Elliott v C (A Minor) [1983]

Elliott v C (A Minor) [1983] 2 All ER 1005 played a crucial role in establishing an objective test for recklessness. However, it is important to note that this objective test laid down in Elliott was later rejected in subsequent cases, particularly in R v G [2003].

A 14-year-old schoolgirl of low intelligence, who was tired and hungry, spilled inflammable spirit and dropped a lighted match on the wooden floor of a garden shed. The girl was charged under Section 1(1) of the Criminal Damage Act for reckless arson. The High Court initially held that she was not guilty, reasoning that she had no knowledge of the risk of her actions, and even if she had thought about it, the risk would not have been obvious to her.

However, the Court of Appeal overturned the decision and upheld the girl's conviction, asserting that she was objectively reckless. Glidewell LJ, in delivering the judgment, stated that the test for recklessness laid down in R v Caldwell [1982] refers to whether the risk created by the defendant would be obvious to a reasonably prudent man rather than the particular defendant. In other words, the court applied an objective standard, disregarding the specific characteristics and circumstances of the defendant.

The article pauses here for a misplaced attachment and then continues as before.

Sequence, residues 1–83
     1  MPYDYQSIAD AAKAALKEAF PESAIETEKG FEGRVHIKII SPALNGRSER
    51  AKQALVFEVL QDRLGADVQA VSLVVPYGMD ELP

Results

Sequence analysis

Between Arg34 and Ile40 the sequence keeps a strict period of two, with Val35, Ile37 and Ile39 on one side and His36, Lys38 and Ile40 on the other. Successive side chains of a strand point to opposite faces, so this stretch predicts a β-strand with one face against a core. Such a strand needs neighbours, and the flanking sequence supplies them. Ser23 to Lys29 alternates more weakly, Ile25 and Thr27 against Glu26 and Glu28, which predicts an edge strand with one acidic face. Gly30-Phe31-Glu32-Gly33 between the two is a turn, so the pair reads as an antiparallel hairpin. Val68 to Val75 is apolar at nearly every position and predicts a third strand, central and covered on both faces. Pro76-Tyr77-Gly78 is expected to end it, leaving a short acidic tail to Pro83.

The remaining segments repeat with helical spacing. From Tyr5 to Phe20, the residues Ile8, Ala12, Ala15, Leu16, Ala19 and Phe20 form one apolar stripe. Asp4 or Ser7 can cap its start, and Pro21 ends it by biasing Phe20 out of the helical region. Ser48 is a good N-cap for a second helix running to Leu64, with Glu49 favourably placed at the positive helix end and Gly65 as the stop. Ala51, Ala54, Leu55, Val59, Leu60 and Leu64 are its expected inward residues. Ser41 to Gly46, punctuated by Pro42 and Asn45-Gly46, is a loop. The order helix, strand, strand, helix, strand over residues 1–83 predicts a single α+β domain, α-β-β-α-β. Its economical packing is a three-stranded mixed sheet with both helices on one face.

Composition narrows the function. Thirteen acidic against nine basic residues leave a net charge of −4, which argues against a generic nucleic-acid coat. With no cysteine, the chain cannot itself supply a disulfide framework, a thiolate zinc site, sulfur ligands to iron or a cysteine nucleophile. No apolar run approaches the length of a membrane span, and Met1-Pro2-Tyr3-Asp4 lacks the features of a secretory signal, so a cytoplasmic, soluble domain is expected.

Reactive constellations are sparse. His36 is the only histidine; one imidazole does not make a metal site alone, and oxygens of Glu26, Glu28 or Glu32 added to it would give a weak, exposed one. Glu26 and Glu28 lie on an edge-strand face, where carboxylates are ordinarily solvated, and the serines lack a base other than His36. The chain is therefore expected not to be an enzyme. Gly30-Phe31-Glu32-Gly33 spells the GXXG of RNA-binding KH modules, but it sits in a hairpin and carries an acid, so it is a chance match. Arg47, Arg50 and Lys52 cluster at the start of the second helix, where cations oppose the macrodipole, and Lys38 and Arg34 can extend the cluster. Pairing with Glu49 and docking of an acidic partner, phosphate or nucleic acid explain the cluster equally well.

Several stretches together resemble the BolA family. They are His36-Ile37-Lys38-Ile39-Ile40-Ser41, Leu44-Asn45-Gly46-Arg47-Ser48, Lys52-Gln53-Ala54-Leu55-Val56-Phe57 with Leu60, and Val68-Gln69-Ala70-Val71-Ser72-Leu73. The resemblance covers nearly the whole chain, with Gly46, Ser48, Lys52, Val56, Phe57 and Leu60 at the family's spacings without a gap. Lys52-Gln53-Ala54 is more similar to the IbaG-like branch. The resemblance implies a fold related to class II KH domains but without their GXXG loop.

The objective approach to recklessness in Elliott v C sparked criticism and led to the perception that it could result in unjust outcomes. The inflexibility of the objective standard meant that the particular characteristics and circumstances of the defendant, such as age and mental handicap in this case, were not taken into account.

The objective test for recklessness as established in cases like Elliott v C was later rejected in subsequent legal developments. Notably, R v G introduced a more subjective standard for recklessness, taking into consideration the defendant's awareness and appreciation of the risk, and emphasising the need for a personal mental state element in recklessness cases.
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